Have you ever heard of “suicide headaches”?
The name of “suicide headaches” actually came from the excruciating pain cluster headaches can inflict. Cluster headaches are quite rare, and affects about 0.1-0.4% of the population. Men are around 5 times more likely to be affected than women.
Research has shown that the primary contributing factor of cluster headaches is due to a disorder originated from the neck. A fault in the upper cervical spine results in a sensitised brainstem, which induces cluster headaches.
The duration of cluster headaches do not last long, but occur in ‘clusters’, usually ranging between 8 times everyday to once every second day. Some may continue to experience symptoms over the course of several weeks, whilst there may be ‘remissions’ from headaches within weeks or months.
Location of symptoms
Many sufferers of cluster headaches reported the pain is usually on:
- one side of the head
- around/behind/above the eye
- temporal region
Besides the intense pain, some may experience other symptoms. These may include:
- red and watery eye
- swollen or drooped eyelid
- runny or congested nose
What can I do to help with my headache?
There are medications and injections available to treat cluster headaches. However, it is very important for sufferers of cluster headaches to find the cause of their symptoms.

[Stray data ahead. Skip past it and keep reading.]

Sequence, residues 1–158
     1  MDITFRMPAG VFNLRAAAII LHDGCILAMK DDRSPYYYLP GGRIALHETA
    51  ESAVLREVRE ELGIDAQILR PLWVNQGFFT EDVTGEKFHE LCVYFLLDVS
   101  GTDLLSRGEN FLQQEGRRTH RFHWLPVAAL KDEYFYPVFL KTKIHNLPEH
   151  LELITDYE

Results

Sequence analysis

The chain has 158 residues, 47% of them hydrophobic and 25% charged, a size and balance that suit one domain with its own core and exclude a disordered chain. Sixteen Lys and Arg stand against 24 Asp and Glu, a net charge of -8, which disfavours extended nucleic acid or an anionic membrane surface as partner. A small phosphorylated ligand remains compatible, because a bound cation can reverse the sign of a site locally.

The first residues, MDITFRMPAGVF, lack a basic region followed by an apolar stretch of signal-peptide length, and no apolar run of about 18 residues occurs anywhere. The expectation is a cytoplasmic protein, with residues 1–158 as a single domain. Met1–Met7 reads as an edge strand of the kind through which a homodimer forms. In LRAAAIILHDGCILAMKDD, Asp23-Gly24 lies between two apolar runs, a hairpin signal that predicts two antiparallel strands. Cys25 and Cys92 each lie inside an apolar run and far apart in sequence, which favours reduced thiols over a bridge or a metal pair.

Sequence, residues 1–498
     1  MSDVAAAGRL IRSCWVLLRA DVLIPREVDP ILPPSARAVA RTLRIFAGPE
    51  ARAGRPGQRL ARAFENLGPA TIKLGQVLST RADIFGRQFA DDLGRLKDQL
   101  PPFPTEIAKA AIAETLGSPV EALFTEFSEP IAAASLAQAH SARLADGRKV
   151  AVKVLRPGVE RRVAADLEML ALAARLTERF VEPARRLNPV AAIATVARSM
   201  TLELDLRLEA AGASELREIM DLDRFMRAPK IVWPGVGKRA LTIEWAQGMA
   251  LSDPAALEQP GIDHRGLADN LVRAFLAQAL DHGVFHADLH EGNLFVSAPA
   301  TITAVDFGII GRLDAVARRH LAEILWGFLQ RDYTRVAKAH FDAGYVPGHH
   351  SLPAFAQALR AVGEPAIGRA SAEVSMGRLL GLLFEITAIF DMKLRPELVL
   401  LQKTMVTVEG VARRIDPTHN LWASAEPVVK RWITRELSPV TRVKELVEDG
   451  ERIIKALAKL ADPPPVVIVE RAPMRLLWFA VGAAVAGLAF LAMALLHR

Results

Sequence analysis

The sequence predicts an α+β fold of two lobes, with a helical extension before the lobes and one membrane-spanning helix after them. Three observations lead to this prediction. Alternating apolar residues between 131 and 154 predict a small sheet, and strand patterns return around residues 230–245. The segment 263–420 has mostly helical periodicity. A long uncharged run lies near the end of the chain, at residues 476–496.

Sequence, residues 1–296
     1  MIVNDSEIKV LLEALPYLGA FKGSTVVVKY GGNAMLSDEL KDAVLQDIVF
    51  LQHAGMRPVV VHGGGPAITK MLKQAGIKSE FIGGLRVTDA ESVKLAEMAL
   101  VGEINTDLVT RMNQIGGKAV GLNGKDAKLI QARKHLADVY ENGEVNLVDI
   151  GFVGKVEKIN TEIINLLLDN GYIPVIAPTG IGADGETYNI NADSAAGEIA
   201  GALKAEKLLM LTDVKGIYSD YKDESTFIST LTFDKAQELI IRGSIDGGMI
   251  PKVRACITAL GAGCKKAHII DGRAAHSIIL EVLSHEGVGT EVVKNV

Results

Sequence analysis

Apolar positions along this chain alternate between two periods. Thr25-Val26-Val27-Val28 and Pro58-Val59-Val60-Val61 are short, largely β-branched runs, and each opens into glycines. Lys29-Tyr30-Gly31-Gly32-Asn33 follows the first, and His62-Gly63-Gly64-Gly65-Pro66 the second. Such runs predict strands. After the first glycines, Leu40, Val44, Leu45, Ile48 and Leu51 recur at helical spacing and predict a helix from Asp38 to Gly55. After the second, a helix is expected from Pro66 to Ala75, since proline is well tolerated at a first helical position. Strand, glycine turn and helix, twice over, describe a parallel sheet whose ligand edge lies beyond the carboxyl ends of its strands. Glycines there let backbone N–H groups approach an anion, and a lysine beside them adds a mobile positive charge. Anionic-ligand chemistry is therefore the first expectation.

At the Brisbane Headache and Migraine Clinic, thorough examination of the upper cervical spine is performed to determine whether the brainstem is sensitised, and the severity of this. In the case of determining a sensitised brainstem, treatment is commenced.
Treatments have shown significant and rapid improvements in 90% of our patients within the first six consultations.
Our clinicians treat non-invasively, and without the use of medication.
Imagine living a life free from headaches and migraines!
Cluster headaches: Painful but treatable, preventable. (2016). ScienceDaily. Retrieved 10 June 2017, from https://www.sciencedaily.com/releases/2016/11/161118130418.htm
Fletcher J (2015) Why Cluster Headaches Are Called “Suicide Headaches”. J Neurol Stroke 3(3): 00092. DOI: 10.15406/jnsk.2015.02.00092
Watson, D.H. and Drummond, P.D. (2014). Cervical Referral of Head Pain in Migraineurs: Effects on the Nociceptive Blink Reflex. Headache: The Journal of Head and Face Pain, 54(6), pp.1035-1045.